30 dogs with respiratory disease

A few days ago, a pet was brought to The Animal Foundation who later presented with a respiratory illness that could infect other nearby animals. In accordance with the advice of our veterinary team and national veterinary experts on diseases in animal shelters, The Animal Foundation is taking the necessary steps to stop welcoming any other stray or abandoned dogs while we monitor and dispose of the animal. disease establishment. We are currently testing 30 dogs at the shelter showing signs of upper respiratory disease and when they are treated and cured we will be able to reopen our admissions operations. This measure is taken both to protect the animals already in our care and to stop any potential spread.

Several other shelters across the country have seen an increase in cases of canine respiratory disease this year, so our priority is to ensure a safe and healthy environment for the dogs in our care and in our community.

“The Animal Foundation welcomes animals from all walks of life, but due to the open admissions policy, we don’t always know the history of the animals that come to the shelter,” says Hilarie Grey, CEO. “Everyone who works here is here because they love animals, so we try to make decisions as if every animal is our own.”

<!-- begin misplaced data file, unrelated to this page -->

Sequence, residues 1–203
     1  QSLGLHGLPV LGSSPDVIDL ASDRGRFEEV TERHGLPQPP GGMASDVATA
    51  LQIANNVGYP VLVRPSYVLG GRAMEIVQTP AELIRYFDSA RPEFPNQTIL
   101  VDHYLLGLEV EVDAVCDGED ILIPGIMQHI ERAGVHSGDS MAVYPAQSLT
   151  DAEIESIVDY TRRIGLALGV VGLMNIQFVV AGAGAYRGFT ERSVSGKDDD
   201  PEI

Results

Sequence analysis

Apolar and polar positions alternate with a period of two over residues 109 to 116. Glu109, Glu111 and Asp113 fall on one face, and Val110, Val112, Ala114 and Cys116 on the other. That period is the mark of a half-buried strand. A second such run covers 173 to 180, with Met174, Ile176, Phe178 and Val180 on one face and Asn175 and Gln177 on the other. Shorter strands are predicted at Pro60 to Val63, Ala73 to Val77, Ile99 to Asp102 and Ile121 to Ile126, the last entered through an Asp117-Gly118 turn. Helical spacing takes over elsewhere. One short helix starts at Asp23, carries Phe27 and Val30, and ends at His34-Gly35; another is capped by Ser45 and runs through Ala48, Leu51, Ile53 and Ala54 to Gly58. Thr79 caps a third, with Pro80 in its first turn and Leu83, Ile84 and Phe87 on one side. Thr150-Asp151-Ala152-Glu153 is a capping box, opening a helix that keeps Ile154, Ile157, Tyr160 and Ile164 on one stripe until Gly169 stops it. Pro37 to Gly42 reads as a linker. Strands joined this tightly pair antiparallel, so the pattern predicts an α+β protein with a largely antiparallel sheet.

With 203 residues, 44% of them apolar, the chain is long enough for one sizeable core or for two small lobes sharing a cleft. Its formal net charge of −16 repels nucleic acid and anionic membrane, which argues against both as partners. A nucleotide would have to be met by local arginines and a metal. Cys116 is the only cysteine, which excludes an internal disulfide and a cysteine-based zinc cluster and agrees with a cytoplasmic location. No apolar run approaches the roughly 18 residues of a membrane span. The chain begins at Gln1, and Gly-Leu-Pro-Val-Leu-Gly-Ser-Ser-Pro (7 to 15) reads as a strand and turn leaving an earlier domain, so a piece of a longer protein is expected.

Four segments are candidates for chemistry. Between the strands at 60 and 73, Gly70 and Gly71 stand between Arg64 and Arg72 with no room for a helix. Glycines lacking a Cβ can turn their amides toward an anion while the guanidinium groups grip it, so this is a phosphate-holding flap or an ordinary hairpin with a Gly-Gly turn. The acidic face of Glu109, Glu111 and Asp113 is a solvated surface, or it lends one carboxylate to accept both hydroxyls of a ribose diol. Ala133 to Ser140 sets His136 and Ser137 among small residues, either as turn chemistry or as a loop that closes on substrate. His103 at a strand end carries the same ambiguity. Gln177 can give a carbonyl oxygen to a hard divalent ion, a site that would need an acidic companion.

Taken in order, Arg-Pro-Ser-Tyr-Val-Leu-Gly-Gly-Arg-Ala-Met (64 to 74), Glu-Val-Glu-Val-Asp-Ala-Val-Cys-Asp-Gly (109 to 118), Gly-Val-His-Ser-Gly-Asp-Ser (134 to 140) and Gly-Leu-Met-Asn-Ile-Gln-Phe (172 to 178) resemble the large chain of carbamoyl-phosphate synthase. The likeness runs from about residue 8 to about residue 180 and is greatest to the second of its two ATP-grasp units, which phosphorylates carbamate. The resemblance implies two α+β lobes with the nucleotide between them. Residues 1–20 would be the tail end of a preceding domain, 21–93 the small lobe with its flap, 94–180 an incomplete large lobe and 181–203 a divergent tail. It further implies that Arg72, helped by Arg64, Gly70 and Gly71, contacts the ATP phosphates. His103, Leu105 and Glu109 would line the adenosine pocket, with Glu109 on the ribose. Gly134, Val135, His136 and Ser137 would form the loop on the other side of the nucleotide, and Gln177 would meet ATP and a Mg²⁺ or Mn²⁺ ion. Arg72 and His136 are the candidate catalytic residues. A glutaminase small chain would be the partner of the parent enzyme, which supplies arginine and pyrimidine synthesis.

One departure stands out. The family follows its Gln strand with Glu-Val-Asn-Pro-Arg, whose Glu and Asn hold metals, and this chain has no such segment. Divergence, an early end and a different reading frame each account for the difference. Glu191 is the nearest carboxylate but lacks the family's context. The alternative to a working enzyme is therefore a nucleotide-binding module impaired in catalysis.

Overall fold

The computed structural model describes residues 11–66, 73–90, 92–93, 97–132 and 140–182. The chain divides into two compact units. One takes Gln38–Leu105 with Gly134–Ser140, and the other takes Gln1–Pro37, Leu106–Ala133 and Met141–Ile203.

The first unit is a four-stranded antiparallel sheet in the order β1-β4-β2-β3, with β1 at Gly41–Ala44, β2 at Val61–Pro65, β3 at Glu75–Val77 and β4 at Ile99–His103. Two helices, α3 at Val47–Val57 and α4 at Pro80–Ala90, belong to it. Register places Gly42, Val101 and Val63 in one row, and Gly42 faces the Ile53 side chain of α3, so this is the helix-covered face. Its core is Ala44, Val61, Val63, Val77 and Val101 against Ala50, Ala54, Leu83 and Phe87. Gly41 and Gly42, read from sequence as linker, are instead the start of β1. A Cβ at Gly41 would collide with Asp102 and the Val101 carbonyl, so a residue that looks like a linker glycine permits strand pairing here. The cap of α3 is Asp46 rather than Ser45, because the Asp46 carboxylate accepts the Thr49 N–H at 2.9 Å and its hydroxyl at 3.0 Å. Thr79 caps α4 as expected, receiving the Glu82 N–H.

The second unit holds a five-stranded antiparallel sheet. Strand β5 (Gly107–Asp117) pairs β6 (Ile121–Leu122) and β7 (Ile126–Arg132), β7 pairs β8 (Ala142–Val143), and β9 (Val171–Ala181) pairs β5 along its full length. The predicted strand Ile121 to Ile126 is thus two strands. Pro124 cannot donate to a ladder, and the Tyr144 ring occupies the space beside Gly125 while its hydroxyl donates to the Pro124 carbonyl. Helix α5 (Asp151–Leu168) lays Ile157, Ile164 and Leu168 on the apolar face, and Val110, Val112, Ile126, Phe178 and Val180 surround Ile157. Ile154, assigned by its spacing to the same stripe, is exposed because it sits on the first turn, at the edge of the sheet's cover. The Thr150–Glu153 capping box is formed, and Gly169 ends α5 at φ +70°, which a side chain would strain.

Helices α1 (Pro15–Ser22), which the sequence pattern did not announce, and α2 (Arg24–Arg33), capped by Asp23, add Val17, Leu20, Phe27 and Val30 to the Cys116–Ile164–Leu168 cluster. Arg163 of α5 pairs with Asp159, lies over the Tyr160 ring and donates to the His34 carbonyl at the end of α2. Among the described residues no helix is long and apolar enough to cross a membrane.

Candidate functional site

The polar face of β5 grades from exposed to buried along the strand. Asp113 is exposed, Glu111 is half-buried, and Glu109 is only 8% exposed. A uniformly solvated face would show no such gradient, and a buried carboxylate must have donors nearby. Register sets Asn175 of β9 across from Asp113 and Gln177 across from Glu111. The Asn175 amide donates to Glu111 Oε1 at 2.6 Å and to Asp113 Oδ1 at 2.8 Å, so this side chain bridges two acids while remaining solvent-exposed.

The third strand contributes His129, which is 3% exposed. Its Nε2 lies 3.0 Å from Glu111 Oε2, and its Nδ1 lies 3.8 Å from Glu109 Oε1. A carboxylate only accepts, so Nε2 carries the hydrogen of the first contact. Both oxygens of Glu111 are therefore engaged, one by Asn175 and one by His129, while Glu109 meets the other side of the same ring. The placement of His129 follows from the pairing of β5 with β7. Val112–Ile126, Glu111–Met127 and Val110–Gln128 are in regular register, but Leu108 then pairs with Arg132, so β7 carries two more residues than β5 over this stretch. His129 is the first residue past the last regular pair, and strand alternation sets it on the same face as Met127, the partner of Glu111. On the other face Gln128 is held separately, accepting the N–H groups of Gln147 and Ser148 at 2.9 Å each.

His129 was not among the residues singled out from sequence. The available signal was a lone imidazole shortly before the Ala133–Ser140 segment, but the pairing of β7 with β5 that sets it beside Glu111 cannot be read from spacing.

Seven dogs from The Animal Foundation have tested positive for the highly contagious canine pneumovirus, and test results are still pending for the remaining dogs. All dogs respond well to treatment and we monitor them closely. And according to experts, the best way to prevent the spread of the disease is to quarantine affected dogs and limit the number of dogs entering the shelter.

“Canine pneumovirus causes symptoms such as coughing, sneezing, runny nose and fever. Most affected animals show mild cold symptoms, but some dogs may develop more serious illness that can progress to pneumonia,” said Dr. Casey Miller, chief veterinarian at The Animal Foundation.

The Animal Foundation worked closely with Dr. Cynda Crawford, Fredrica Saltzman Endowed Professorship in Shelter Medicine and Clinical Associate Professor of Shelter Medicine at the University of Florida Maddie’s Shelter Medicine Program and Julie Levy, DVM, PhD, DACVIM, DABVP a Fran Marino Endowed Distinguished Professor of Shelter Medicine. They helped us create an action plan based on recognized best practices to protect the health of the animals in our care and of the community.

“Canine pneumovirus is a highly contagious respiratory virus that spreads easily and quickly through dog populations in shelters and boarding homes. Most dogs have no pre-existing immunity to this virus and there is no vaccine, which means almost all dogs are susceptible to infection. As infected dogs in the community bring the virus to a shelter, there are very effective intervention strategies to stop transmission of the virus and prevent its release into the community,” said Dr Cynda Crawford.

Dog adoptions at The Animal Foundation are also temporarily closed, and our goal is to fully reopen as soon as possible once we know all dogs are safe and healthy. If a lost pet is currently at the shelter, owners will still be able to retrieve it. An appointment is recommended.

There is no further information at this time.